The Present and Future of UNCITRAL’s Investor-State Dispute Resolution Reform: A Fireside Chat with UNCITRAL Secretary Anna Joubin-Bret
On October 1, 2021, Anna Joubin-Bret, the Secretary of UNCITRAL, presented at American University Washington College of Law about the current status of the reform of investor-state dispute resolution in UNCITRAL Working Group III (WG III). This was the first time in more than two years that she addressed a U.S. audience about the progress of the WG III’s work. Anna Joubin-Bret’s presentation was introduced by remarks from Professor Padideh Ala’i, Director of International and Comparative Legal Studies at AUWCL. She was introduced to the audience by AUWCL Professor Susan Franck, who also moderated the Q&A session afterwards.
Anna Joubin-Bret highlighted that in July 2017 the WG III was entrusted with a “broad mandate” to work on the possible reform of investor-state dispute settlement. The WG fulfilled this task by first identifying topics that are of concern to the states and may be reformed in the process. The next step in the WG’s work was to specifically focus on which of those topics could be realistically tackled through multilateral action spearheaded by UNCITRAL. Finally, since 2019, the WG III is engaged in the third step, which is studying the “reform elements” as part of specific plans to reform investment arbitration.
A special feature of WG III is that it is government-led, as opposed to the usual method at UNCITRAL of experts doing the groundwork for drafts of international conventions. This government-led method allows for the participants to have greater decision-making power and impact on the domestic legislatures. In addition, the WG III has an academic forum, which prepares working papers about the issues discussed. A practitioners group allows for the voices of the investment arbitration practitioners to be heard in an informal setting.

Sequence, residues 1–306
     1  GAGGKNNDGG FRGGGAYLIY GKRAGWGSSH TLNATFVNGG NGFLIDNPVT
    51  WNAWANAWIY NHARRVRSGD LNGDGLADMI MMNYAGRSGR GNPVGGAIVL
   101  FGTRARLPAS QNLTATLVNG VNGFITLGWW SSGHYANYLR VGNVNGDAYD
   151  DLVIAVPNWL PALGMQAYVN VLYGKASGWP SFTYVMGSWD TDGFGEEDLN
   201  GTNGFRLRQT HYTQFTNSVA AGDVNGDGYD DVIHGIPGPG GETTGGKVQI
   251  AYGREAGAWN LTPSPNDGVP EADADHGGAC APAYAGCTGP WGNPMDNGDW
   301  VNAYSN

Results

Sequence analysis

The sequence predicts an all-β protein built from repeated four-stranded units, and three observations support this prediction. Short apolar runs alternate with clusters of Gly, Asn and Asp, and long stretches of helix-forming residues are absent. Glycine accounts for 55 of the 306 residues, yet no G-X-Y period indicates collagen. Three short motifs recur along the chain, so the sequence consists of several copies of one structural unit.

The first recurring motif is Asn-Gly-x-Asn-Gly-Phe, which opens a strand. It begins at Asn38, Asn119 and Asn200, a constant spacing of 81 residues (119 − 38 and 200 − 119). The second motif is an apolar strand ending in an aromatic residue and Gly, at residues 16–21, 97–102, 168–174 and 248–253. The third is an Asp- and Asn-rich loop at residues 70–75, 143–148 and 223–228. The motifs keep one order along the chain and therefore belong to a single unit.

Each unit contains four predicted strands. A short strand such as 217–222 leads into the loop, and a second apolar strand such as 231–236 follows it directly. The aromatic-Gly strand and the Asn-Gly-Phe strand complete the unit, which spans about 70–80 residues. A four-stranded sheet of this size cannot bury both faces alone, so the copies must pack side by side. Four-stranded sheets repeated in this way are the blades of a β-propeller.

The broad array of reform elements include ADR mechanisms and dispute prevention, selection and appointment of arbitrators, code of conduct, the role of a Multilateral Advisory Centre, an appellate mechanism, the establishment of a Multilateral Permanent Investment Court, procedural rules’ reforms, and multilateral instruments to implement the reform.
The ideal end goal or objective envisioned by the WG III is the adoption of a multilateral convention under the UNCITRAL auspices that could be applicable to existing bilateral treaties and to future treaties. This convention will set out some common reform elements, and provide flexibility about others that are of interest only to specific groups of states. Any arrangement will straighten and solidify investment arbitration as we know it, including any provisions on ADR or mediation, and the possibility of appeal against an investment arbitration award. Another advantage of the new architecture will be that the states regain control over the application of their investment protection provisions contained in their investment treaties.
In response to questions, the Secretary clarified that UNCITRAL’s work is complementary to the initiatives at ICSID. Both entities have the same membership, and so their interests are aligned and indeed to a large extend the same.